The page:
Also what is surprising me at least is that if there were no matter, the Time would still exists.
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Old Jul 26th 2009, 08:10 PM   #4
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Also what is surprising me at least is that if there were no matter, the Time would still exists.
Time is imaginary. Just like numbers. Our consciousness creates the concept of time.

If intelligent life did not exist, neither would time.
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Old Jul 26th 2009, 10:08 PM   #5
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Originally Posted by Deco View Post
Time is imaginary. Just like numbers. Our consciousness creates the concept of time.

If intelligent life did not exist, neither would time.
Ok so according to you the concept of time started with intelligent life and will end with it, as well as the existence of time. I do not agree with this because of the following point : when one thinks about a mountain, does it make the mountain exist? Not to me.
So basically, saying that time is imaginary, to me, is the same as saying that time does not exist at all. And I've no idea about the veracity of this affirmation! It seems an open question.

About the sentence you quoted me, I just said what Klein said. Though now I realize it's its own point of view.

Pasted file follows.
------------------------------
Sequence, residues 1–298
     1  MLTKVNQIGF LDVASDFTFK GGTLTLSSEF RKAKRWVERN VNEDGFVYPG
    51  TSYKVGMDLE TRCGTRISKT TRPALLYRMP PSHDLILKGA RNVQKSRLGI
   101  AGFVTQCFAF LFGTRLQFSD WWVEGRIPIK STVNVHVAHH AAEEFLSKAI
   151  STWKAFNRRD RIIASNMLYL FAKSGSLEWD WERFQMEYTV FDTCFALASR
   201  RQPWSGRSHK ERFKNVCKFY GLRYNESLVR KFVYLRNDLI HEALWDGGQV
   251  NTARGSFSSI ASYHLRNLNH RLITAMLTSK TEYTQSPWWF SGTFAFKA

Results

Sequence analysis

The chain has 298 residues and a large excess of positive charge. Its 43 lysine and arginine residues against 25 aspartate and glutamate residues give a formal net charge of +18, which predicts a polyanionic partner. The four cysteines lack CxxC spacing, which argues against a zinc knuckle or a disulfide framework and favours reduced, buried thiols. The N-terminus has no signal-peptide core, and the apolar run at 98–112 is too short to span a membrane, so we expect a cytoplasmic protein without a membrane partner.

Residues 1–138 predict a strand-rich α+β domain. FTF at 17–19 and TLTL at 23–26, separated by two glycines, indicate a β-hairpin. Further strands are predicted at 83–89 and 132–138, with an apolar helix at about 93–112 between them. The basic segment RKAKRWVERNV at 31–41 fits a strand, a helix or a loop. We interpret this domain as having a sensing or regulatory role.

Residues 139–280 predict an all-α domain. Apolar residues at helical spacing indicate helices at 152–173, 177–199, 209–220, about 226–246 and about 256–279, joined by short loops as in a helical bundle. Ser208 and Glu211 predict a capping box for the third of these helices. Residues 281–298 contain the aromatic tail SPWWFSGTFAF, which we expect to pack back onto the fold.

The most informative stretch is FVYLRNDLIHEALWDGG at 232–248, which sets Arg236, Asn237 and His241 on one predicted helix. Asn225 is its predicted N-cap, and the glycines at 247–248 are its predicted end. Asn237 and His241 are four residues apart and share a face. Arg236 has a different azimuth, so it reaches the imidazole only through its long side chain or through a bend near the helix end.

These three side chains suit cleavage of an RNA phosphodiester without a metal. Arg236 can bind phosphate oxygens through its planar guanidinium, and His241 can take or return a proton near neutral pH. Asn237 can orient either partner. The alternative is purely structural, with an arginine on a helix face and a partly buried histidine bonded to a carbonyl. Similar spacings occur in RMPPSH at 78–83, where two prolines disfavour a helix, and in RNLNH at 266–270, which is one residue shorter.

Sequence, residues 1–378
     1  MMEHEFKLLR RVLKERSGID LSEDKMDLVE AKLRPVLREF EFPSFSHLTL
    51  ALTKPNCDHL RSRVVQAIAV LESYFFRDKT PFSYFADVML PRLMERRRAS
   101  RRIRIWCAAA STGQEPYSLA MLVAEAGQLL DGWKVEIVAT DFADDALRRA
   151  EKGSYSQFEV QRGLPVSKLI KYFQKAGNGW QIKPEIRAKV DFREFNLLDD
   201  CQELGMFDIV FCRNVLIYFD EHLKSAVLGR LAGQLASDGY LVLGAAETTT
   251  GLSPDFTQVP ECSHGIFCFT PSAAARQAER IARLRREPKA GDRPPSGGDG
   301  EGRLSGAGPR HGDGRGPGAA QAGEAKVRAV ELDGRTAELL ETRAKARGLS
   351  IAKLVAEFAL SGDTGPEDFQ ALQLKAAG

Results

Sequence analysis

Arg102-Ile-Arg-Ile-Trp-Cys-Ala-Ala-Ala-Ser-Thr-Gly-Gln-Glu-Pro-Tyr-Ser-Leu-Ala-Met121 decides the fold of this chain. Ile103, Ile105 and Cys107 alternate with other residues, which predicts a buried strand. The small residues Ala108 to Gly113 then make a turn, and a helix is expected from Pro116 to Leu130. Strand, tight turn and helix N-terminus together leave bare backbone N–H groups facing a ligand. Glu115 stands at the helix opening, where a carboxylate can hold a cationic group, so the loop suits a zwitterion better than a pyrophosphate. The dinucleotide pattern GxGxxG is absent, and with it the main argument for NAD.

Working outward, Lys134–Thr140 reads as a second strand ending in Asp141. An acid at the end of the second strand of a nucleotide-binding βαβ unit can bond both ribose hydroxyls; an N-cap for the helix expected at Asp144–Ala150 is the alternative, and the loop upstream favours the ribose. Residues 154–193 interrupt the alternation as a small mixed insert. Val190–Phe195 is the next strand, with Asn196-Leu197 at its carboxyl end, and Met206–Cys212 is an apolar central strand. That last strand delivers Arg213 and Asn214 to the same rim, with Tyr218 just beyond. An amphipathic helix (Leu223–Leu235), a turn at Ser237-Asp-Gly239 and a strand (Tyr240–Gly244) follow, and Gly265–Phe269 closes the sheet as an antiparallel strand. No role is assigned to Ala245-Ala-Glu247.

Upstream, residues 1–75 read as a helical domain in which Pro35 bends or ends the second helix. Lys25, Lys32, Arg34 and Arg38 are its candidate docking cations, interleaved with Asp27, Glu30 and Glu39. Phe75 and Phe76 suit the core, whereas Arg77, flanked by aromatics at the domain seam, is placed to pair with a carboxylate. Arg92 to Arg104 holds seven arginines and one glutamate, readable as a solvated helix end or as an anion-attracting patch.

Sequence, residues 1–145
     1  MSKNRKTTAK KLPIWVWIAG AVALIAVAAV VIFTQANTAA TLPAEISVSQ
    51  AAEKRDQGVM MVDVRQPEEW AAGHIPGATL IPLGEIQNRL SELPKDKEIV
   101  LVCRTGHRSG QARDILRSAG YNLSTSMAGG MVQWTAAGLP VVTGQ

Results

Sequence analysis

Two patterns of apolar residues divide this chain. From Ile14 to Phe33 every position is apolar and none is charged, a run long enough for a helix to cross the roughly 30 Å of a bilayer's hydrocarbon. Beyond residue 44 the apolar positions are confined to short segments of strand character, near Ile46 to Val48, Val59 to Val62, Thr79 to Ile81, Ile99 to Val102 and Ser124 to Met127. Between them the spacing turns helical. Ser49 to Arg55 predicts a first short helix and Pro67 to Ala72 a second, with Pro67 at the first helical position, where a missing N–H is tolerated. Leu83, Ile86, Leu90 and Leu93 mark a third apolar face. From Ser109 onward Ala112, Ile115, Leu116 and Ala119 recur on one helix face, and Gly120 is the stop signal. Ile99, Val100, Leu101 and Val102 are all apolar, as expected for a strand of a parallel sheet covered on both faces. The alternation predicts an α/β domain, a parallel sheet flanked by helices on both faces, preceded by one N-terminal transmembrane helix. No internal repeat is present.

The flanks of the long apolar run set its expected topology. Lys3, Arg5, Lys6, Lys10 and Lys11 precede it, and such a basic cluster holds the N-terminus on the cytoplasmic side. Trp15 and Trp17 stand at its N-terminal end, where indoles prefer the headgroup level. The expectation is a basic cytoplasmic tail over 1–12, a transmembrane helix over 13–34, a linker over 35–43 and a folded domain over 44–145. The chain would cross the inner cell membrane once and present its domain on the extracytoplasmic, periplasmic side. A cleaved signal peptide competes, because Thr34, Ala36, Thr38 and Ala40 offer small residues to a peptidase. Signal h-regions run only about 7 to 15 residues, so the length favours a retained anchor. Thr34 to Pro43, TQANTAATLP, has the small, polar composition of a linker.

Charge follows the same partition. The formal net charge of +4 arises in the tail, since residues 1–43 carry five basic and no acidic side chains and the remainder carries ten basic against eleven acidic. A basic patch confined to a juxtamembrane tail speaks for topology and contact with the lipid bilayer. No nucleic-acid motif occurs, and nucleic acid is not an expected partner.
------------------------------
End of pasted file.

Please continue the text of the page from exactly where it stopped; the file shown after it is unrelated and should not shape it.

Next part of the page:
Since my last post in this thread I've found a paper where a very famous physicist (C.Rovelli) states that time is not necessary in physics and he gave a Hamiltonian (or 2? I don't remember) that does not involve time. I'm not familiar with this at all. So he seems to agree with the affirmation "time does not exist".
I'm just a second's year physics student and I'm very confused about what time is, if it is something. So don't be too hard on me .
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Old Jul 27th 2009, 04:12 AM   #6
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I agree with deco here.

The most satisfying definition (at least to me) of time that i ve heard to date is that " Time is the awareness/consciousness of the interval between two events" . If there is no awareness of change there is no time. Think of the unit of time "second". We say the "first" "second" and not the "first" "first" ! Maybe because without a second event time cant be registered.
This is an age old debate as to whether consciousness evolved from matter or vice versa.

I subscribe to the latter.

Another "definiton" which i like is that of consciousness.